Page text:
London´s inhabitants used to be some of the friendliest people in the western world. English people, in general, are very polite, which makes it easy to ask questions (whether you ask for directions). I still think that the people are great, but I realized that people seemed more stressed after the Brexit decision.
Maybe it’s because most people in London aren’t happy with the decision, but normally, you will find lots of friendly and polite people in England. So, while the weather isn’t always friendly, the people at least are!
It is not only about fish & chips in London – I love the restaurants in London. As a vegetarian, it is quite easy to find veggie food (much easier than it is in Paris, e.g.), and even finding good vegan food is not a big issue. You have many fine-dining restaurants and cheaper places to eat – you will find from fast-food to healthy food, you will get traditional British food as all food all around the world.
Where to Stay in London for 4 Days
Here are some of the best-rated hotels for each budget:
Luxury Hotels in London: London is home to numerous luxury hotels. If you find something easily, it is a luxury accommodation in London. Ritz-Carlton is one of the top hotels – it is also conveniently located in the city center and quite close to Buckingham Palace. Click here for the best rates and more info.
Mid-Range Hotels in London: A different kind of B&B is The One Tun – the out more here.
Budget Hotels in London: I once stayed at this hostel and can definitely recommend it if you are a hostel fan. It is conveniently located, and if you book a bed in a dorm, you can actually get a bargain. Click here to get the best rates for YHA London Central.
Accommodation in London is quite expensive – so even the more budget-friendly places cost a bit or are quite far from the city center.
PLACES TO VISIT IN LONDON IN 4 DAYS
Okay, enough talking. Here are my tips on the best things to do.
Day 1 in London
For day 1 in London, I have added some of the most famous sights and attractions.
Stop 1: Hyde Park and Speaker´s Corner
One of the most famous parks in the world can be a perfect starting point and a must-see in London in 4 days.
Hyde Park also hosts events and concerts and is the biggest royal park in London. Despite special events, it is a place that allows you to breathe and enjoy the green lounge of the city.
The Speaker´s Corner, a part of Hyde Park, is famous for giving free speeches and demonstrating there. If you are lucky, you might experience some of those speeches yourself.
Start early (around 9 am) from the Kensington Palace entry and stroll the area, relax, or meditate before heading, via Wellington Arch, to one of the best places to see in London.
Prepare for busy but fun days as you head to one of the biggest tourist attractions in the city.
Extra Tip: If you are into museums you could visit the Victoria & Albert Museum, close to the palace. Museums in London are not only great for rainy days but for anyone interested in history or arts as London has some pretty good museums.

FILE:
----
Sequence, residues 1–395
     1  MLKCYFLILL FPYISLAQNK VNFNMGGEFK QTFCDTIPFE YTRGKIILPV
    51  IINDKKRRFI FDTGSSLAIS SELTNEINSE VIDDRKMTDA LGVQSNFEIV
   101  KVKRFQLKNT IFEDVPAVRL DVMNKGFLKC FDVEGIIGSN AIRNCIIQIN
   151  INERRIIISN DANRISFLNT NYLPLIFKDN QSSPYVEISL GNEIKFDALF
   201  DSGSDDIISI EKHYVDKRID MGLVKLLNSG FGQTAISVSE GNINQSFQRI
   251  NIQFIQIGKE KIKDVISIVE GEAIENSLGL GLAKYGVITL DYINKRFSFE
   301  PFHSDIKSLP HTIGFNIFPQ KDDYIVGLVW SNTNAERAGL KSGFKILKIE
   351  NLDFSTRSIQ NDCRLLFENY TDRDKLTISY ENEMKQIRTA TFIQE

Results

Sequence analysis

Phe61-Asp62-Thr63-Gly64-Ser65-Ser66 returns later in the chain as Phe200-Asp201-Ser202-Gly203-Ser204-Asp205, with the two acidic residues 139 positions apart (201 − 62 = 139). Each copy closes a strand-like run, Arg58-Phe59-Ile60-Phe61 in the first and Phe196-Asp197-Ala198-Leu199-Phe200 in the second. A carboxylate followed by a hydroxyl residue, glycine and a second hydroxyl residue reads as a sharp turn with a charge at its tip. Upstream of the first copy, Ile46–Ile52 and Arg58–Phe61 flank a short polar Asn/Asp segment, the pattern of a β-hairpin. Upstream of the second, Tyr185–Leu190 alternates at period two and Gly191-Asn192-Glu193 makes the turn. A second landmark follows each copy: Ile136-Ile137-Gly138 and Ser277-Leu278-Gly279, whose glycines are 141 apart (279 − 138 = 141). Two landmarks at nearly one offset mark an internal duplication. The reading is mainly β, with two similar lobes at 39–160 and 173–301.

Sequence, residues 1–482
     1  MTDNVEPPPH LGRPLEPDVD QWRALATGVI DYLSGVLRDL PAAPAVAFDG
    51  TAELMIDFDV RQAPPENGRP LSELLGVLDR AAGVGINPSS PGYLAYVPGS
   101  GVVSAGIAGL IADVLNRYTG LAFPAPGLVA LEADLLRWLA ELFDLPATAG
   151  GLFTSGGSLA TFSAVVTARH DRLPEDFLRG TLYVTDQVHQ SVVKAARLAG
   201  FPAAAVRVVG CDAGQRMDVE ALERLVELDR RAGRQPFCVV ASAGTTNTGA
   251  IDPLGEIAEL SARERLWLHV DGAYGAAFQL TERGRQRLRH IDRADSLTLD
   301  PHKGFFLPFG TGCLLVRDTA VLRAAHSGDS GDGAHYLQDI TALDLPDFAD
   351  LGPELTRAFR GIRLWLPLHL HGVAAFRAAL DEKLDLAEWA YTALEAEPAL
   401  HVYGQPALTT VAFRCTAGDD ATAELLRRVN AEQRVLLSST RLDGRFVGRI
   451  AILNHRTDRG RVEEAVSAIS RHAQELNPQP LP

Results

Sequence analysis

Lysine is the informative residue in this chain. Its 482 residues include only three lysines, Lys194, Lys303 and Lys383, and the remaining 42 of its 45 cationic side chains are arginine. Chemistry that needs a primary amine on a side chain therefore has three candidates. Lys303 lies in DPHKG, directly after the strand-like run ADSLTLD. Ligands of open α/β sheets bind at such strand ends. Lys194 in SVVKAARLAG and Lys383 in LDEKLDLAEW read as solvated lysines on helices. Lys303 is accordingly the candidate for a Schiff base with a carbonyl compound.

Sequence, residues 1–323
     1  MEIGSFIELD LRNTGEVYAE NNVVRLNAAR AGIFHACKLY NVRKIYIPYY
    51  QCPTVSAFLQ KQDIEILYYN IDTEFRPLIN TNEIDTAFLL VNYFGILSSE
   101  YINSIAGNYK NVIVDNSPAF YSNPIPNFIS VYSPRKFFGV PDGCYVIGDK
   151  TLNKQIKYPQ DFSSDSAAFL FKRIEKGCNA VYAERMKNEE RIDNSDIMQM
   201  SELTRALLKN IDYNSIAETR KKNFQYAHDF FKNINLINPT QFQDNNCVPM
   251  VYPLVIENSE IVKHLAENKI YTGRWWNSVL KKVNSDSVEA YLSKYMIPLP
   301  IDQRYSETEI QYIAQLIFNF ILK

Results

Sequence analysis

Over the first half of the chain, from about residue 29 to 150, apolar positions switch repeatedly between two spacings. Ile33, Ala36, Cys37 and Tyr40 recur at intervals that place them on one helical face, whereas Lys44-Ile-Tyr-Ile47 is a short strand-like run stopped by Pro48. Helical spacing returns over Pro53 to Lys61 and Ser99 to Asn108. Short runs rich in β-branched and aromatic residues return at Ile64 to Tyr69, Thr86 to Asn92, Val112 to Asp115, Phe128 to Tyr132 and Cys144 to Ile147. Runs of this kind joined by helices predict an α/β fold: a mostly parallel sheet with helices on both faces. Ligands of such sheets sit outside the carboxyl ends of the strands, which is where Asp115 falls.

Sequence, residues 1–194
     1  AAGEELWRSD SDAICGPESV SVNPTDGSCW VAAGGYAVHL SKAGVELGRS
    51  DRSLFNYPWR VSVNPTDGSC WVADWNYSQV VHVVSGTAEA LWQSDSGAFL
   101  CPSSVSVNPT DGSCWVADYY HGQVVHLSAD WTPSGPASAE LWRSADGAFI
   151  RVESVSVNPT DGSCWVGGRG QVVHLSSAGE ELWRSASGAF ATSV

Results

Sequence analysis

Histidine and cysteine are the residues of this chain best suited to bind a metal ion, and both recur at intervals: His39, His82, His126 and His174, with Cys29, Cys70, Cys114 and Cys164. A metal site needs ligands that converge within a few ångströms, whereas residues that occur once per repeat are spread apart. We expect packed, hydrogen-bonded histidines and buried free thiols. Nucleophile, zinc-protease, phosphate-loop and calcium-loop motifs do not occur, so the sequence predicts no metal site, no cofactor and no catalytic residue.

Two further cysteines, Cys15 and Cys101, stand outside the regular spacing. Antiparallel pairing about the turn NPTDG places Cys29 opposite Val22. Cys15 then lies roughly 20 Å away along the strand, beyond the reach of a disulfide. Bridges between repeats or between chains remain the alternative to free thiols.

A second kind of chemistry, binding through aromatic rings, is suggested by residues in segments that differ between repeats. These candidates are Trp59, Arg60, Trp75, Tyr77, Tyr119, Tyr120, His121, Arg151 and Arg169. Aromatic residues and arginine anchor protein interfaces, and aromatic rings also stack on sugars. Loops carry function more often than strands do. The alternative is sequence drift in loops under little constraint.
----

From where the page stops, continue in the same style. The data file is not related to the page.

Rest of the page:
Stop 2: Buckingham Palace
Whether you like the Royal Family or not, the home of the Queen, Buckingham Palace, is one of the best places to visit.
More than 200 years ago, it was built for the Duke of Buckingham before the king acquired it in 1761. Now, it is the home of Queen Elizabeth II and Prince Philip.
If you are lucky and are one of the 50,000 invited annual guests, you can peak at the inside interior. If you aren’t you, have to content yourself with a look from the outside. Don’t be sad though, I have never been a lucky guest and still managed to like London.
Good news: you can book a guided tour and have a peak even if you are not a guest.
With 775 rooms, it surely is impressive, but don’t mourn. It is still interesting to look at from a distance.
Also, you can see the Changing of the Guards from there that takes place around 11 am. Personally, I wasn’t too impressed, but it is on the bucket list of many, so check out the times in advance, as it isn’t very frequent.
Interested in a tour and to see the inside of Buckingham Palace? Then check out tours and prices here.
Stop 3: St. James´ Park
From there, head to St. James´ Park, which is another royal park with a lake, fountain, pelicans, and some cute squirrels who would like to meet you. You can also rest before heading to the next main tourist attraction of London.
Extra Tip: For museum lovers, the Tate Gallery will be an interesting stop.
Stop 4: Westminster Abbey
One of the most beautiful places to visit in 4 days is the Westminster Abbey – the city has several beautiful churches and cathedrals worth visiting. One of them is Westminster Abbey.
It is a popular church for royals to get married in, and you can visit the Lady Chapel, the Royal Tombs (Westminster Abbey is the final resting place for 17 monarchs), the Coronation Chair (a 700-year-old piece of furniture that is on display), and the Abbey Gardens.
Attending the services is free, but seeing the other places requires tickets, which you can book in advance.
From there, you are just a stone‘s throw away from the next gorgeous place in London.
Stop 5: Houses of Parliament and Big Ben (Elizabeth Tower)
The Palace of Westminster (also known as the Houses of Parliament) and Elizabeth Tower (also known as Big Ben) have such distinctive architecture that they‘re beautiful whether it‘s day or night.
Its important role in England’s political life as a parliament (it is home of the two houses) is almost unimportant – at least from the outside.But if you would like to visit the Palace of Westminster, some parts are open to the public, as the House of Lords. It just requires some preparation.
I have never visited, but the architecture was enough to have me falling for it.
And here we are: at my favorite building in England. The Elizabeth Tower (formerly known as the Clock Tower) is the impressive tower at the Palace of Westminster and one of the world’s most iconic landmarks.